Kentucky June 22, 2016
These 11 Hidden Gems In Kentucky Hold Historic Keys To The Past
From border to border, our state has some unique pieces of local, national and worldwide history. Some places are renowned, like Churchill Downs or Mammoth Cave, but other historic gems in Kentucky aren’t as known. Here are 11 historic gems in Kentucky where we can peek into the past:
11. Kentucky Derby Museum
The Kentucky Derby Museum is located at 704 Central Avenue and is home to all things derby. You can see pictures of many famed derby winners and jockeys, along with silks, saddles, and other memorabilia.
10. Belle of Louisville
Located at 401 W River Road in Louisville, the Belle is the oldest, still functioning steamboat in the U.S. She was built in 1914 and has been rolling down the mighty Ohio River ever since. People can see her along the riverfront and even take a dinner cruise for a fee. Just imagine, this use to be the primary mode of river travel other than rafts and canoes.
9. International Bluegrass Music Museum
Bluegrass Music is the heartbeat of Kentucky, and the museum at 117 Daviess Street in Owensboro is a great place to get familiar. You can watch a short film, see memorabilia, hear music and see many of the first Bluegrass Music stars.
8. Kentucky Coal Museum
The museum of everything coal is on 231 Main Street in Benham. It tells the tales of the hard working coal miner industry in parts of Kentucky. Visitors can see images, equipment and memorabilia from decades of coal mining in our state.
7. Portal 31
Located at 100 Church Street in Lynch, visitors can experience the first ever coal mine exhibition tour. Instead of just reading, watching a film or looking at images, you can load onto the cart and actually tour the mine with an informative guide. These underground rail tours are a unique way to experience the history of coal and coal mining in our state.
6. Constitution Square
This historic section in the block of 134 S. Second Street in Danville was the site of a constitutional convention that led to Kentucky being declared a state. Issac Shelby was declared the first Governor here as well. There are several historic buildings, picnic tables and a park available to be enjoyed with no fees.
5. National Quilt Museum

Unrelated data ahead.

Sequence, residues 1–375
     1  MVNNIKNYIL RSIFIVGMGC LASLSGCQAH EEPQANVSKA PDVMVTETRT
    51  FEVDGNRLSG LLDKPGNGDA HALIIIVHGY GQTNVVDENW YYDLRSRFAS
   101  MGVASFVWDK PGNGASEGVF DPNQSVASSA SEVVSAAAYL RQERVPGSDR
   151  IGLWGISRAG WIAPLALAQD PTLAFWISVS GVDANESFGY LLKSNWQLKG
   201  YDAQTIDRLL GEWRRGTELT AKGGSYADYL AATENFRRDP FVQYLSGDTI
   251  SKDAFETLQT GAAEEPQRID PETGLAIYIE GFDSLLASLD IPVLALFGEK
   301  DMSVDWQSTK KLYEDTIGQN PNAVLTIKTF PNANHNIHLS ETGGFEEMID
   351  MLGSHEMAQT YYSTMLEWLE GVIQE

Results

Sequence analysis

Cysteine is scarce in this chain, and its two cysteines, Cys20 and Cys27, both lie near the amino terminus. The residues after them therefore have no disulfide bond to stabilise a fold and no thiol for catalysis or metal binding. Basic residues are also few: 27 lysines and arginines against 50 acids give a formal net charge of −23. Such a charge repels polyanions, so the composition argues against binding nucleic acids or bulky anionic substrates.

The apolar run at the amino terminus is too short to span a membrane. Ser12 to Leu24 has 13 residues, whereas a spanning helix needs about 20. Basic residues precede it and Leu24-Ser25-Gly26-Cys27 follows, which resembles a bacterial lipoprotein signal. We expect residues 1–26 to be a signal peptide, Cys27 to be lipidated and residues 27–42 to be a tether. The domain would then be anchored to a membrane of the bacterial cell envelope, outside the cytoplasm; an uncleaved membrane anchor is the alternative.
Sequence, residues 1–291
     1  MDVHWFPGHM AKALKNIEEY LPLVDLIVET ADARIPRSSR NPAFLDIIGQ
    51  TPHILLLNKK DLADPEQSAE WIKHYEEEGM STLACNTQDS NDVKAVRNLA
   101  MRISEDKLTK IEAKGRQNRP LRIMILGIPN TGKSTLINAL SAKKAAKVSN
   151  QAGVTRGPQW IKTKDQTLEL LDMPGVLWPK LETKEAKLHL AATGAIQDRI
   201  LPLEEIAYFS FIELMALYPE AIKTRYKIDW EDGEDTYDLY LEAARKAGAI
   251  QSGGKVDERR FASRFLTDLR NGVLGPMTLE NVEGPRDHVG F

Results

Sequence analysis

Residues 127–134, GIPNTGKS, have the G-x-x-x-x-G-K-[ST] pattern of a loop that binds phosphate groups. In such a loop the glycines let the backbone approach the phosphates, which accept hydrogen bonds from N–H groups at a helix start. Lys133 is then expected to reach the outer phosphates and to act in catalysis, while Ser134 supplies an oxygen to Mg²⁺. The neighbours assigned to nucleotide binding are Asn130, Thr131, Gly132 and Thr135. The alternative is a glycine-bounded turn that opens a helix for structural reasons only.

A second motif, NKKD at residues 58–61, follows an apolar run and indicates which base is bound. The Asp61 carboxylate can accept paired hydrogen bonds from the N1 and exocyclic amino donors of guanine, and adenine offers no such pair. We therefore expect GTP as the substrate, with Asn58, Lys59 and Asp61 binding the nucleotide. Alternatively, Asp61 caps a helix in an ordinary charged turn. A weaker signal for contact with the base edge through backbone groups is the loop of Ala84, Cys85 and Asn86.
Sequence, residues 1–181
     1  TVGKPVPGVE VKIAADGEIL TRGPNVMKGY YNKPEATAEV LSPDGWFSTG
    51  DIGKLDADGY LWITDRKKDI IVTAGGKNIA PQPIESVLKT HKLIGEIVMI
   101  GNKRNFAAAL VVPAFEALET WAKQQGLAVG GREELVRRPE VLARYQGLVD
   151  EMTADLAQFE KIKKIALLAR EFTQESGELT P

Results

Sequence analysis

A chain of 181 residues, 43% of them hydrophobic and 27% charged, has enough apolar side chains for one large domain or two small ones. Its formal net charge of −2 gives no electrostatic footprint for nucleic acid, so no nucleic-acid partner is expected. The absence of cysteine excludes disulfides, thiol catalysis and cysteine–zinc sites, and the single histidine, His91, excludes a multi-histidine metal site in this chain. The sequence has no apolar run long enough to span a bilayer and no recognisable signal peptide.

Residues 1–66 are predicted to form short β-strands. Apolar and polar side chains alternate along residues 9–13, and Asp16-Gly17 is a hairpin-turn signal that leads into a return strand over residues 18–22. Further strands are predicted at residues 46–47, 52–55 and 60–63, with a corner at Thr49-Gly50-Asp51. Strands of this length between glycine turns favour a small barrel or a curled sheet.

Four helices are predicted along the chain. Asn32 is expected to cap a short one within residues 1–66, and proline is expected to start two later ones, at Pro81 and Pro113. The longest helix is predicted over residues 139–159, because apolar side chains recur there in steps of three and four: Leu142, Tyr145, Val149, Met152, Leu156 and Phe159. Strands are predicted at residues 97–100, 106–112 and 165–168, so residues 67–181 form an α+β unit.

If you are a fan of quilts or quilting, you will want to check out this museum located at 215 Jefferson Street in Paducah. There are a variety of quilts of varying techniques, ages and patterns, along with other hand quilted items. There is a real art to quilting that has been passed down for generations in some cases. It may not sound very exciting, but the National Quilt Museum is filled with some memorable works of fabric art.
4. Pine Mountain Settlement School
This old school in Harlan County is on 36 State Hwy 510 in Bledsoe. It has been an institute of learning for the Appalachian community, featuring updated Appalachian and environmental education and enlightenment about the area over the decades. It is said that this century old learning institute set the precedence for schools in the state. There will be an Independence Day picnic held there on July 4th, but the school has events regularly.
3. The Hunt Morgan House
This beautiful brick mansion at 201 North Mill Street was built in 1814. The first millionaire west of the Alleghenies, John Wesley Hunt, had it designed. Hunt made his fortunes in hemp farming.
2. Old State House
This historical building in Frankfort was built in 1830, becoming the third capitol building for Kentucky. It served in that position from 1830 till 1910. Now, visitors can go to 300 W Broadway Street and see the place where some of our forefathers planned and helped organize the state.
1. Kentucky Folk Art Center
Since Bluegrass Music is the heartbeat, Folk Art is pretty much the heart. From wood carvings to clay to whatever materials were available, this facility at 102 W 1st Street in Morehead offers all types of Folk Art. The people of the Appalachians and other rural areas of our state have been creating art with whatever they could acquire for decades. Many techniques, like whittling, have been passed down for generations and seeing the unique creations can be quite memorable.
Each of these historical gems in Kentucky has its own story to tell, and they combine to paint a portrait of our state’s evolution. We continue to grow, but preserve the beauty and dignity of our past. What do you think about these attractions? What else would you like to add to the list?